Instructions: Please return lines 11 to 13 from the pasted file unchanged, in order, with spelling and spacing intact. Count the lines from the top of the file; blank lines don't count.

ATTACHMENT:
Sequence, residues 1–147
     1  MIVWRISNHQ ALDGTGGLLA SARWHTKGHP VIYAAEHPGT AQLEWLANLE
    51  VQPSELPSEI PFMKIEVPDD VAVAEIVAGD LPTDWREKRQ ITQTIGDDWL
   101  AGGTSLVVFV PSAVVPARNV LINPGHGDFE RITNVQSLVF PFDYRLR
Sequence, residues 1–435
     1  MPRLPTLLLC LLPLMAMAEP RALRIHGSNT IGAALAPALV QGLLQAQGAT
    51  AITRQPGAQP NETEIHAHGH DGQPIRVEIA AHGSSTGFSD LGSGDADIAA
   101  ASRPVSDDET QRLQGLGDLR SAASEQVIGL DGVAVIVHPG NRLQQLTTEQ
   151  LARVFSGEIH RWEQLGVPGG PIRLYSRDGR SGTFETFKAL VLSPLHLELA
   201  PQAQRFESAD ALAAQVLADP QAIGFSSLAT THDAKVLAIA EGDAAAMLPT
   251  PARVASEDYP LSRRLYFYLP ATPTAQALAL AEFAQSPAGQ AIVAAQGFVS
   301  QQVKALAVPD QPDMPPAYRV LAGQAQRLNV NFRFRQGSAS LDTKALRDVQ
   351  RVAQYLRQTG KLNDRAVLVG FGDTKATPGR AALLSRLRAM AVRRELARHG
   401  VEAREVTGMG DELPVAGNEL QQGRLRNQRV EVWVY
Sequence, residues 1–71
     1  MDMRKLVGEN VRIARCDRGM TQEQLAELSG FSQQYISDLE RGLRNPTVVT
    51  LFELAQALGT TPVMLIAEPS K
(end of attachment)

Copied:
   251  PARVASEDYP LSRRLYFYLP ATPTAQALAL AEFAQSPAGQ AIVAAQGFVS
   301  QQVKALAVPD QPDMPPAYRV LAGQAQRLNV NFRFRQGSAS LDTKALRDVQ
   351  RVAQYLRQTG KLNDRAVLVG FGDTKATPGR AALLSRLRAM AVRRELARHG